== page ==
It would be interesting to me if a study was performed to research all of these attributes and characteristics of women, and the manner in which men, other women, and even the greater society views and/or treats us.  It would also be interesting to me to ascertain whether or not there are differences in such perspectives and treatment of women across different regions of the country – such as in the north, south, east, and west – in the United States. 

The South is known as the Stroke Belt.  Of course, there are studies that have been completed about why this is so.  I would like to offer my own simple analysis, not based on any research, but based on my own observations and experiences. 

It seems to me that women in the South are often not allowed to be themselves.  In order to be fully accepted into Southern society, women are subtly and silently “required” to speak and behave more like men, be supportive cheerleaders of men, be agreeable and not ask any questions of men, and be submissive to and/or dependent on men.  Additionally, women in the South are required to do all of these things while also remaining “beautiful,” appearing young, and being a great physical, mental, and emotional condition.  Any women who does not seem to “meet” those requirements is not part of the “in” and/or “accepted” crowd.

Perhaps unknowingly, women in other parts of the country do the same, to a certain extent.  Women unconsciously “conform” ourselves to fit in and be more socially acceptable.  How many women do you know believe they have to drink with their boyfriend and/or his buddies at sports games in order to fit in and be acceptable?  How many women do you know pile on the make-up, and spend loads of money for hair and nail treatments, thinking that this makes them more attractive?  How many women do you see at your workplace who are especially kind and friendly to the boss, seeking more favor?

It is not easy to be a woman in today’s society.  Women are “required” to do, say, and “be” so many things, to serve in so many roles.  And, in all this, women are also expected not to become upset, not to complain, not to vent, not to become emotional.  We are expected to be able to handle it all!  Certainly, some of us can be considered superwomen, but after awhile, the stresses, pressures, expectations, and requirements take their toll.  Stroke, cancer, heart disease, and other conditions and/or ailments are a result of the constant, unceasing expectations and requirements that society places upon us.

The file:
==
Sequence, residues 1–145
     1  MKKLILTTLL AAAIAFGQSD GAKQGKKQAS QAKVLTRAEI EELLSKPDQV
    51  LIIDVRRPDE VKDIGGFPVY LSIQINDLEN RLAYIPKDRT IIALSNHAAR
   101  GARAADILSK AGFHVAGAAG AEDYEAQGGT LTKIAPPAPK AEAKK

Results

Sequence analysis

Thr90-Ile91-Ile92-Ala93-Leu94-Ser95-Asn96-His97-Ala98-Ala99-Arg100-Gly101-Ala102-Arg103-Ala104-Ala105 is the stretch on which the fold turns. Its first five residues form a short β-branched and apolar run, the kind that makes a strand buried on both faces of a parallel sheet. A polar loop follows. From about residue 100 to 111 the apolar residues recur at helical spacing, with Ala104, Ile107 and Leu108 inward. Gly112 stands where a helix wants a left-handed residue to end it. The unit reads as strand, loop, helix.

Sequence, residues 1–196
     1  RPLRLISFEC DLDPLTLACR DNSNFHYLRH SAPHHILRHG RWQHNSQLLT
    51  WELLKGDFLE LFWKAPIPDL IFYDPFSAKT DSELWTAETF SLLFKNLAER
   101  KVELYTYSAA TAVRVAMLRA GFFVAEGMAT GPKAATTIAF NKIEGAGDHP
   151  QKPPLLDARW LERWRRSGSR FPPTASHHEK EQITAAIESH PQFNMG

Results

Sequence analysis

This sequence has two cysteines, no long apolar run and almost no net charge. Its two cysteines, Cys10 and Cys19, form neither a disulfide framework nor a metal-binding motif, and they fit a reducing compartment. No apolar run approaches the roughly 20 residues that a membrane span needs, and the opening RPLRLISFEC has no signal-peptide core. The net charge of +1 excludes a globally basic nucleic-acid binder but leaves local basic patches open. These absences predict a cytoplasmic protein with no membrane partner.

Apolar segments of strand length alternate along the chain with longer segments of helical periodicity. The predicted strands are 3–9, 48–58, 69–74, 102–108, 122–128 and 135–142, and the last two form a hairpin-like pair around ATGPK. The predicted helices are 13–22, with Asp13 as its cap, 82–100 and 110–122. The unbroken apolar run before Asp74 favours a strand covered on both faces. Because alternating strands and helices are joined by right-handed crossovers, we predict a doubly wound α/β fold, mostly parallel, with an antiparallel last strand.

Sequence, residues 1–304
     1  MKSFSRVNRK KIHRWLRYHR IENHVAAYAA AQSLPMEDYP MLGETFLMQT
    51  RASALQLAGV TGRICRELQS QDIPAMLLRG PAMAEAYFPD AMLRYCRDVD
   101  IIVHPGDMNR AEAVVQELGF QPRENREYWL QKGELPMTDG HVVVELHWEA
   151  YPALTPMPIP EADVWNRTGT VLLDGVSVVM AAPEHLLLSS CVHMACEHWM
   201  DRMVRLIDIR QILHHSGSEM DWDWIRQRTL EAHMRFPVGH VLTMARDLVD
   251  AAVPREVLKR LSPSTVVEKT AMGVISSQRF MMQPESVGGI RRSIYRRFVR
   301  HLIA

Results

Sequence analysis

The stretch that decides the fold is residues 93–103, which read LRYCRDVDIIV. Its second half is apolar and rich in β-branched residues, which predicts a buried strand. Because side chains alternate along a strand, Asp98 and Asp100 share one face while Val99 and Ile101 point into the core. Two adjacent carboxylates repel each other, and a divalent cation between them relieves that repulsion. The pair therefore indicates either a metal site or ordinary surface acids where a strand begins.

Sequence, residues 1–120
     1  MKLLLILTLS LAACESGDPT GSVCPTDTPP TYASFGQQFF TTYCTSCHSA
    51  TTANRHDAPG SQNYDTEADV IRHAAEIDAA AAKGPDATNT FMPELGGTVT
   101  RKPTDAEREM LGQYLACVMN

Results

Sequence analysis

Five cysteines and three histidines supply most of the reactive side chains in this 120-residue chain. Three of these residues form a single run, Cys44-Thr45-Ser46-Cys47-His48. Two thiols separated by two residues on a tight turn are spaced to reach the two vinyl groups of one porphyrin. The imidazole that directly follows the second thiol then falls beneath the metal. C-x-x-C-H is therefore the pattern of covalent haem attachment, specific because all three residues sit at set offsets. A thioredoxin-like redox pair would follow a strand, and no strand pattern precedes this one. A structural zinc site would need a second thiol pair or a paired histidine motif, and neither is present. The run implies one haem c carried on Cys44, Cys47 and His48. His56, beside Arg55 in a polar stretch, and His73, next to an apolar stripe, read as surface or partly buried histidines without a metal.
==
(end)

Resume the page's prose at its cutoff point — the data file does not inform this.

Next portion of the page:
Therefore, women need more appreciation and respect in our society – in our families, our homes, our churches, our communities, our nation, our world.  People ought to try to place themselves in another’s shoes and walk in those shoes for awhile.  Rather than overlooking, not appreciating, and not respecting each other’s experiences and who we are as individuals, people must realize that life isn’t always easy for everyone.  Their lack of appreciation, and absence of understanding and respect just makes it that much more difficult for us.  But again, do they really care? 

As a member of a particular group at my church, I was recently overlooked by the male leader of the group.  The leader is about my age, married, and has a family, though he always appeared to take a sort of “flippant” and uncaring attitude toward me.  Today, he realized that he had not included me on any of the group’s e-mails and communications for several months, and that by doing so, I was not informed of a group meeting and photo.  He apologized to me about the situation – by e-mail – though it all just brought tears to my eyes.